The Essay From Hell: Dante's Inferno

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In Alighieri Dante's Inferno, many different people were put in Hell for what Dante believes they did wrong. He assigns them to different sections of Hell for the severity of their sins in their previous life. If Dante were alive and making revisions to the Inferno today, he would put Superman, Brian Griffin from "Family Guy", Xerxes from "300", Scar from "The Lion King", Squidward Tentacles from "Spongebob Squarepants", for the various sins that they have committed in their past lives. Superman should go to the eternal flames for his violence against God. Superman should go to the Seventh Circle, Third Ring of Hell, reserved specifically for those who were blasphemers in life. Although Superman did do some good, he also acted like a God. …show more content…
He did, however, throughout the show, constantly try to do anything to get a woman to go to bed with him, so he would be put in the panderers and seducers part of Hell. This would be the Eighth Circle, First Pouch. As Dante is walking he stumbles upon a man by the name of Venedico Caccianermico. He is put there for tricking and seducing women. A demon then says, "Be off, you pimp, / there are no women here for you to trick" (Canto XVIII 65-66). This describes Brian's sins of seducing women to an extent. The punishment is symbolically correct because it involves the shades running in between demons whips, as they, in their previous life, made women move between different men, or if a person was just a seducer, moved from one woman to the next. Another famous figure who should go to Hell is Xerxes, from "300". Xerxes is caught many times claiming that he is a god. When he is talking to Leonidas about the Spartans surrendering he claims that he is a generous God and that he will make them his number one army. Xerxes would be put in the same Circle and Ring as Superman, which would be the Seventh Circle, Third Ring of the eternal oven. Although this passage by Virgil is not for Xerxes, it does fit his sin: O Capaneus, for your arrogance that is not quenched, you're punished all the more: no torture other than your own madness could offer pain enough to match your wrath (Canto XIV 63-66)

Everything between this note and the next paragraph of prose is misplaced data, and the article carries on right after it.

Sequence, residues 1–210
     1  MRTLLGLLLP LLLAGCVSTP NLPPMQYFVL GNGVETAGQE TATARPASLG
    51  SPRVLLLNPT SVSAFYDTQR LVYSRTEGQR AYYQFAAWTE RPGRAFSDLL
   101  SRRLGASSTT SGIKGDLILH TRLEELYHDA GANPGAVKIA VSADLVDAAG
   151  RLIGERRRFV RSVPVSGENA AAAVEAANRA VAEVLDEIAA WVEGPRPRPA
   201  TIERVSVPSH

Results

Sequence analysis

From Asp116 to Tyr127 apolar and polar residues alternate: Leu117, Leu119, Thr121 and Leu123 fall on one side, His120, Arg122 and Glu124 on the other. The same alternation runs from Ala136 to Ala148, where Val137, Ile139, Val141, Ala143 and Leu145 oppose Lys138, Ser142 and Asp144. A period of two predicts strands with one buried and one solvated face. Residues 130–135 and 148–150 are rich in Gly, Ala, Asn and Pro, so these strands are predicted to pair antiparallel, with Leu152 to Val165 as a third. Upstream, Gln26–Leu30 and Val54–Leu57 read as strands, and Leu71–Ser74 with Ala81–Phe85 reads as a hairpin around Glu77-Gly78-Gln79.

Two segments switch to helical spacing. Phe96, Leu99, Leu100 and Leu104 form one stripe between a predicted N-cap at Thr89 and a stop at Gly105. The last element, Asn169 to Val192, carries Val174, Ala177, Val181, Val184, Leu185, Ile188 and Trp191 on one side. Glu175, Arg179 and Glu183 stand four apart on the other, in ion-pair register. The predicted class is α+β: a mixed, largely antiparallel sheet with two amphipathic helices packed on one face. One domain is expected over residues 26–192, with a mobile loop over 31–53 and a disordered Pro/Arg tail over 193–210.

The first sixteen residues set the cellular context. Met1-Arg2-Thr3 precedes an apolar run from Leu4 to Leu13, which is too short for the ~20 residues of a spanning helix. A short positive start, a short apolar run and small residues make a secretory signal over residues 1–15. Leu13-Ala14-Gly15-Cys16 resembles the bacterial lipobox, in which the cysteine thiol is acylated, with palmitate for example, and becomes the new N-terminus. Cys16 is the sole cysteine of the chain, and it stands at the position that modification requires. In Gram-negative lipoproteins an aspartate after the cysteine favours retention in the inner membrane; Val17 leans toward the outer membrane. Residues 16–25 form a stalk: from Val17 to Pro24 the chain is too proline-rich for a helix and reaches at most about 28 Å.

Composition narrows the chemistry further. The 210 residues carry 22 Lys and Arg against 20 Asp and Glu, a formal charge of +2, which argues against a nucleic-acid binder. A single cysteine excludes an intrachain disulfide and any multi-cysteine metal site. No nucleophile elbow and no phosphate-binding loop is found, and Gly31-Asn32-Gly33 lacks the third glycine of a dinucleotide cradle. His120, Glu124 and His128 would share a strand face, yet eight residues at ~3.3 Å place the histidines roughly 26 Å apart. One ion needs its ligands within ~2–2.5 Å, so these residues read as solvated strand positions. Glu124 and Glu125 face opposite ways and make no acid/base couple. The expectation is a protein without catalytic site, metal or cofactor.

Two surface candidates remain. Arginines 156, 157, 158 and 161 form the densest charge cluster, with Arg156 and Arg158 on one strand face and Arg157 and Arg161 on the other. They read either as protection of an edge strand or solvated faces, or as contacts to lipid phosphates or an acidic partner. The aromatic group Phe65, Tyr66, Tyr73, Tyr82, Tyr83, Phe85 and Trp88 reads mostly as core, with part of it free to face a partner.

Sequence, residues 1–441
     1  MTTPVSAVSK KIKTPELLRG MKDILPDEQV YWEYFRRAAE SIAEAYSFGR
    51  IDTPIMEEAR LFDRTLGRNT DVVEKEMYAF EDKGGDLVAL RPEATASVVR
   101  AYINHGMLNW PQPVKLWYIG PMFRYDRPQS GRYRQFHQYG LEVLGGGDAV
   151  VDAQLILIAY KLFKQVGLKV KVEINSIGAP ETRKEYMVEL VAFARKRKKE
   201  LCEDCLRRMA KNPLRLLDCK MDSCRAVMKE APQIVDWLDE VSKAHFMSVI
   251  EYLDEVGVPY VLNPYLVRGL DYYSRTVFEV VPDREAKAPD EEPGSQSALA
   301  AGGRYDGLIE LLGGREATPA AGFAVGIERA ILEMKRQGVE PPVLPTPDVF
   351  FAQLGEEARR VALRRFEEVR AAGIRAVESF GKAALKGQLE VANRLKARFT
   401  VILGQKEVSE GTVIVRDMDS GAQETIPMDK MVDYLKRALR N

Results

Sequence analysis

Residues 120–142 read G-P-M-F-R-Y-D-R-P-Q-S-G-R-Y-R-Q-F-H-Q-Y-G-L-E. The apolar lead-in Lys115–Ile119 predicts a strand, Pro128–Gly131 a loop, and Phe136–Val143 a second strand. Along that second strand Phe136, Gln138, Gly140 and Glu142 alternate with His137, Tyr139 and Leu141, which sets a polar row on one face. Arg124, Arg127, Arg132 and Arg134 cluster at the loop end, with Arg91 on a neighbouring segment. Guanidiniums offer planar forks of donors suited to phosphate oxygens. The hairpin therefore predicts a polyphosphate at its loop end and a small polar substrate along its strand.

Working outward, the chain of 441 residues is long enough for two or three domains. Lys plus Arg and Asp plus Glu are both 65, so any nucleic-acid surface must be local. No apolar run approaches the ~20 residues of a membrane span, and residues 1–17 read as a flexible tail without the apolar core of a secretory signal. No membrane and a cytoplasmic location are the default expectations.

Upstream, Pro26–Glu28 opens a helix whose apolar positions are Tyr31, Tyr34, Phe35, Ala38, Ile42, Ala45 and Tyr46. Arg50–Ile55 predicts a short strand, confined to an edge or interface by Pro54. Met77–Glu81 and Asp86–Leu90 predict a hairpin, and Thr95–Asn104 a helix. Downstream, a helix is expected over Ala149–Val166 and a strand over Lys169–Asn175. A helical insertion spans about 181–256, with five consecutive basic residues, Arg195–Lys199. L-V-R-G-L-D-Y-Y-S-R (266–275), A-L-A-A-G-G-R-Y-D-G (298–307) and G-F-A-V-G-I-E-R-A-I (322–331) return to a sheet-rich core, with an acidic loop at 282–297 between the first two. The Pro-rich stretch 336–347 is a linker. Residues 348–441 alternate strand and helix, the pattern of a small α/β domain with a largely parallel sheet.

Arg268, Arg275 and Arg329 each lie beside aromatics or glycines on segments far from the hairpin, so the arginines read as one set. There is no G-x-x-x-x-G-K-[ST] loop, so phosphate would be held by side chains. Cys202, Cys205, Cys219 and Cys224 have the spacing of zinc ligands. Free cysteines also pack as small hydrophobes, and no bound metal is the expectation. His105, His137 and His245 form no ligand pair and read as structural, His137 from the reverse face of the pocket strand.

The punishment for this ring is symbolically correct because in life Xerxes did

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